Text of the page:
Contact Metamorphism


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contact metamorphism

[′kän‚takt ‚med·ə′mȯr·fiz·əm]
(petrology)
Metamorphism that is genetically related to the intrusion or extrusion of magmas and takes place in rocks at or near their contact.

Contact Metamorphism

 

the alteration of rock under the influence of intrusive magmatic bodies. Alteration occurs most intensively close to the intrusive body and diminishes with distance from it. Both sedimentary and magmatic rock may undergo contact metamorphism, in the course of which their original mineralogical content and structure change. As a result of contact metamorphism various hornfels and other rocks with corneous facies are formed.

References in periodicals archive ?
1996b, Prograde and retrograde fluid flow during contact metamorphism of siliceous carbonate rocks from the Ballachulish aureole, Scotland: Contribution to Mineralogy and Petrology, v.
The model predictions for maximum and minimum temperatures reached in the country rock were used to evaluate microstructures that indicate contact metamorphism overprinting regional metamorphism.
Although it is possible to observe local silicification in the outcrops near the contact, the regional metamorphic foliation is still present in rocks from the contact aureole and the overprinting contact metamorphism is mainly evident in thin section.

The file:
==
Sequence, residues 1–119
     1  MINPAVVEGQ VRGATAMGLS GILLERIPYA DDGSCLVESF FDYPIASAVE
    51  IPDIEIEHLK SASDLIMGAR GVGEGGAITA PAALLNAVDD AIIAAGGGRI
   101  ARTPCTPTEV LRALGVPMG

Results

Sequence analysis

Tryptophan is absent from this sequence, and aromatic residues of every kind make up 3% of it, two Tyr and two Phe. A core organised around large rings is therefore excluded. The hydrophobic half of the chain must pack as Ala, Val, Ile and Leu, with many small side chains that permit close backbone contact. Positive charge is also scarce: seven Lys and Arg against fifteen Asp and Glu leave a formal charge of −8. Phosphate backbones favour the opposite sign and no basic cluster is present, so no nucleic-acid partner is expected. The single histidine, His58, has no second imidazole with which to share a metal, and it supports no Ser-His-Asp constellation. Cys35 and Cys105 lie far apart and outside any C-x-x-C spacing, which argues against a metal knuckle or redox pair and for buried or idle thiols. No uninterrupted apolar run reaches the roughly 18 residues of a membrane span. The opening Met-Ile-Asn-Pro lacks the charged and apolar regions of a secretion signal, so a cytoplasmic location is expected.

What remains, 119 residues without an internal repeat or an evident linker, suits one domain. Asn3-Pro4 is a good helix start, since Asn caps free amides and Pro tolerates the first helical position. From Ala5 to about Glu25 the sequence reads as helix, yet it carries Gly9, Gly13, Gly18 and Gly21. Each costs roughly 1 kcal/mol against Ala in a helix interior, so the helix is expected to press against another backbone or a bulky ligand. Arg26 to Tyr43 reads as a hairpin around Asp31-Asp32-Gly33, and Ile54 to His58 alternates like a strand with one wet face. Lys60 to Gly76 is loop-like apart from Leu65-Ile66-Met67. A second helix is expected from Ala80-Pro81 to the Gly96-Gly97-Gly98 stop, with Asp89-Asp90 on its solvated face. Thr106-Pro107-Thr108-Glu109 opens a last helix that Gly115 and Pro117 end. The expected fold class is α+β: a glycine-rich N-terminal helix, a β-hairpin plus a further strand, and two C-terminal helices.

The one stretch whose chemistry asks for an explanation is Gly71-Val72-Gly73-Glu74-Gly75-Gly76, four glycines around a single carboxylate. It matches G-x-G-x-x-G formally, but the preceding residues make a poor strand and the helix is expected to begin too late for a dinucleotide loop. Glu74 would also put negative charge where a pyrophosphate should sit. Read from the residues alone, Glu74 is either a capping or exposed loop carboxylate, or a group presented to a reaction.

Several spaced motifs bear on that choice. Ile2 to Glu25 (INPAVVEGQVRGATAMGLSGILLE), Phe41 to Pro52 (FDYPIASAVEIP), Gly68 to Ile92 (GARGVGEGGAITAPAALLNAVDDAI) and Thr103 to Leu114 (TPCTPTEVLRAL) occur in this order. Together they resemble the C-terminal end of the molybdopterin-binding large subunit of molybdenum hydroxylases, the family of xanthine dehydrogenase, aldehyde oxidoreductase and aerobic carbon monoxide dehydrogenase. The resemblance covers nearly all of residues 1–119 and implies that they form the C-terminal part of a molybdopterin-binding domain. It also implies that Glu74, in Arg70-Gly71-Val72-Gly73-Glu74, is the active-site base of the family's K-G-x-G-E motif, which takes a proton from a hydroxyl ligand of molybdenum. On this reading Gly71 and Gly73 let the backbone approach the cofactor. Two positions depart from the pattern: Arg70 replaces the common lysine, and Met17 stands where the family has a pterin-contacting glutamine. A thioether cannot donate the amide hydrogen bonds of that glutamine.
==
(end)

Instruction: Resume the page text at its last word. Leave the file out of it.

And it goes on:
4]years after the intrusion; this is the thermal metamorphic peak of the contact metamorphism.
1996) noted that contact metamorphism of folded strata of the Stirling belt by the Chisholm Brook suite implies that folding of the Stirling belt can be bracketed between ca.
The other missing sample (12) cannot be plotted on these diagrams because it is at amphibolite facies as a result of contact metamorphism by a Devonian intrusion, as discussed below.
However, locally where regional or contact metamorphism is at higher grades, the matrix contains abundant coarse muscovite and biotite, and individual sandsized grains exhibit granoblastic textures.
The clastic lithologies are typically spotted with biotite and cordierite as a result of contact metamorphism by the Wedgeport Pluton (MacLean et al.